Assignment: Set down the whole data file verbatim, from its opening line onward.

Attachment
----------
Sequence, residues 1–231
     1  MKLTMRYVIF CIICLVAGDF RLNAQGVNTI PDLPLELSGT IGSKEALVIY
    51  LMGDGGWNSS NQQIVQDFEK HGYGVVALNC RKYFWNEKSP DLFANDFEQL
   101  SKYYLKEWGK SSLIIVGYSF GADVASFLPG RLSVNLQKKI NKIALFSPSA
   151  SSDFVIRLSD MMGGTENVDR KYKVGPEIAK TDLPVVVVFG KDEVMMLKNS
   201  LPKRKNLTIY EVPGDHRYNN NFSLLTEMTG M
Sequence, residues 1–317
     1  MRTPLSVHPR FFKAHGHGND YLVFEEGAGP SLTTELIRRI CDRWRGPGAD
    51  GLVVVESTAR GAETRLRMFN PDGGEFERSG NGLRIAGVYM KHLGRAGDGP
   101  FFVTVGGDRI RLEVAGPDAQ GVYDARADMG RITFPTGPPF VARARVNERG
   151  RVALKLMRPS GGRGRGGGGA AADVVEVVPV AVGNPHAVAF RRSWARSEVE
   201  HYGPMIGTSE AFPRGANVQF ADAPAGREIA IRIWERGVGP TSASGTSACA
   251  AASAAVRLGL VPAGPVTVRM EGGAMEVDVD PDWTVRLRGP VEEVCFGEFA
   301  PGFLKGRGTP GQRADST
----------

Sequence, residues 1–231
     1  MKLTMRYVIF CIICLVAGDF RLNAQGVNTI PDLPLELSGT IGSKEALVIY
    51  LMGDGGWNSS NQQIVQDFEK HGYGVVALNC RKYFWNEKSP DLFANDFEQL
   101  SKYYLKEWGK SSLIIVGYSF GADVASFLPG RLSVNLQKKI NKIALFSPSA
   151  SSDFVIRLSD MMGGTENVDR KYKVGPEIAK TDLPVVVVFG KDEVMMLKNS
   201  LPKRKNLTIY EVPGDHRYNN NFSLLTEMTG M
Sequence, residues 1–317
     1  MRTPLSVHPR FFKAHGHGND YLVFEEGAGP SLTTELIRRI CDRWRGPGAD
    51  GLVVVESTAR GAETRLRMFN PDGGEFERSG NGLRIAGVYM KHLGRAGDGP
   101  FFVTVGGDRI RLEVAGPDAQ GVYDARADMG RITFPTGPPF VARARVNERG
   151  RVALKLMRPS GGRGRGGGGA AADVVEVVPV AVGNPHAVAF RRSWARSEVE
   201  HYGPMIGTSE AFPRGANVQF ADAPAGREIA IRIWERGVGP TSASGTSACA
   251  AASAAVRLGL VPAGPVTVRM EGGAMEVDVD PDWTVRLRGP VEEVCFGEFA
   301  PGFLKGRGTP GQRADST